Sick employee disrupts slaughter at Harmony Beef

Part of Calgary beef plant shut down after employee who had been off work tested positive for COVID-19

File photo of the Harmony Beef plant at Balzac, Alta. in 2015.
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Harmony Beef, a beef processing plant north of Calgary, had to shut part of its operation down March 26 after an employee fell sick.

“Alberta Health Services informed us Thursday that an employee who had not been at work for days had a positive test for COVID-19,” company spokesperson Crosbie Cotton said March 27.

The individual had been off sick for several days, and as per Harmony Beef’s policy, all eleven workers in his department were sent home to quarantine themselves for 14 days, although none had symptoms.

“We are not harvesting new cattle today,” said Cotton. “We hope to be up and running by Monday, or as quickly as possible. Until then, we will continue to process the cattle we have chilling.”

The Canadian Food Inspection Agency was informed about the positive test by health officials, and is working with provincial health authorities and the company to restore the plant to normal working capacity. CFIA employees have been asked to conduct a self-assessment daily for potential symptoms of the virus.

The CFIA did not provide slaughter inspection services on March 27 while health risk assessments were conducted and the plant initiated follow-up activities. Cotton said other areas of the plant were operational and processing was still occurring.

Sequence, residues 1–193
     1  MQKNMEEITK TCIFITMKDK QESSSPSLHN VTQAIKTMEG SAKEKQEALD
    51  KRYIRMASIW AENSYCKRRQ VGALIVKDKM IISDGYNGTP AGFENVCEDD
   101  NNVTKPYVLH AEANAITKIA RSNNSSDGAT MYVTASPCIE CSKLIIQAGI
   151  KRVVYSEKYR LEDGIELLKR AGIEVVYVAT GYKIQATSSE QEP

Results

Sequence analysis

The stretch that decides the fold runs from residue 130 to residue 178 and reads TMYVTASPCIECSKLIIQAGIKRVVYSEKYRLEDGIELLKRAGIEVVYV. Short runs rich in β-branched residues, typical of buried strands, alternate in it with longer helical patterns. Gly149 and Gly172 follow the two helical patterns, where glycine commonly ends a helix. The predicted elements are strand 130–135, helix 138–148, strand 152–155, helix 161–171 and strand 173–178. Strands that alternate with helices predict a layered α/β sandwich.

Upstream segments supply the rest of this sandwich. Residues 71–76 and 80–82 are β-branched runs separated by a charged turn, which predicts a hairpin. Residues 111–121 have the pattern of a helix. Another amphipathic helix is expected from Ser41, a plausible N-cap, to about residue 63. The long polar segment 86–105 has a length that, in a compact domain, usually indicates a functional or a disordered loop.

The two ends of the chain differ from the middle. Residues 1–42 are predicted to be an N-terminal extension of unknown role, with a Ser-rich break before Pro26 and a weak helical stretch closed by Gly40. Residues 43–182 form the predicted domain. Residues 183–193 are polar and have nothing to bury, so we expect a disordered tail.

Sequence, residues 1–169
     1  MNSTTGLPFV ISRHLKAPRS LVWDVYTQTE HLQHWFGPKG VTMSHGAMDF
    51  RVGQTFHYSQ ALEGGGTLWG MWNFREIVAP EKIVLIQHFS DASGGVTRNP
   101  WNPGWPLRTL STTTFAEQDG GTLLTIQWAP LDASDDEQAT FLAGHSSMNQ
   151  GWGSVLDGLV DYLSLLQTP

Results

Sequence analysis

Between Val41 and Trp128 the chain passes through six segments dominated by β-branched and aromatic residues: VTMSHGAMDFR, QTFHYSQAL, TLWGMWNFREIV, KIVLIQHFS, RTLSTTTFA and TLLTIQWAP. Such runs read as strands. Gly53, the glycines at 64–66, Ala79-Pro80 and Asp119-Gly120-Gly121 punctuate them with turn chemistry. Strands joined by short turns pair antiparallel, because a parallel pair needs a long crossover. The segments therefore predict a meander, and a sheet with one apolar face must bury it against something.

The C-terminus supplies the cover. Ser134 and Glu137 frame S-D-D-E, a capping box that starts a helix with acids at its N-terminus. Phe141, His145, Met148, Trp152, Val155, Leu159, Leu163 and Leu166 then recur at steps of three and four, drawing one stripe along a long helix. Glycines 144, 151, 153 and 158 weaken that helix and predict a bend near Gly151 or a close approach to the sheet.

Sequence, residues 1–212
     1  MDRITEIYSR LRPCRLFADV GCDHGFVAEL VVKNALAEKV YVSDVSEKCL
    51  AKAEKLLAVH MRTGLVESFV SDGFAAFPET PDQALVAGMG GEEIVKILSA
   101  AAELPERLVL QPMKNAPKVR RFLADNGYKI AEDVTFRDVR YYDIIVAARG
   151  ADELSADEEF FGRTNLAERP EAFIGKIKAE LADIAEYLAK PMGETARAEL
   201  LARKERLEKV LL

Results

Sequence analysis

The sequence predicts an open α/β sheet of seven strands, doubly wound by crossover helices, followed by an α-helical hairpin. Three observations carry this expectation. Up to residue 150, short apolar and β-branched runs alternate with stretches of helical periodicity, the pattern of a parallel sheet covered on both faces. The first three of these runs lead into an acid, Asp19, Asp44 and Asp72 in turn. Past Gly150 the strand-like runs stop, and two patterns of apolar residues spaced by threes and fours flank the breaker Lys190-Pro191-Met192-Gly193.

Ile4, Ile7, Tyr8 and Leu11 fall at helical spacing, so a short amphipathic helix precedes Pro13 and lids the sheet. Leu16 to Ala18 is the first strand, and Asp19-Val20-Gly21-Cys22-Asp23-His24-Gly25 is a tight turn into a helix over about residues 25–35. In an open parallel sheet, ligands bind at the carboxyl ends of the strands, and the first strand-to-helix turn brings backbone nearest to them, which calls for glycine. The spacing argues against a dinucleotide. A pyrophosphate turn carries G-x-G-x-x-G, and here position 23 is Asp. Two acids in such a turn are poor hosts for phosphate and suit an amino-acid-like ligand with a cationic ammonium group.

“We’re hoping it’s a very short rest on the harvest side,” he said. “On the fabrication side, it’s full steam ahead.”

Harmony Beef has about 500 staff and slaughters about 750 cattle every day.

“Alberta Health Services told us that the protocols we have been using to sanitize the plant constantly are exceptional,” said Cotton. “Every employee is tested on their way into work at the entrance every day for any symptoms. If they had symptoms, they would be sent home.”

About the author


Alexis Kienlen

Alexis Kienlen lives in Edmonton and has been writing for Alberta Farmer since 2008. Originally from Saskatoon, Alexis is also the author of two collections of poetry, a biography, and a novel called "Mad Cow."



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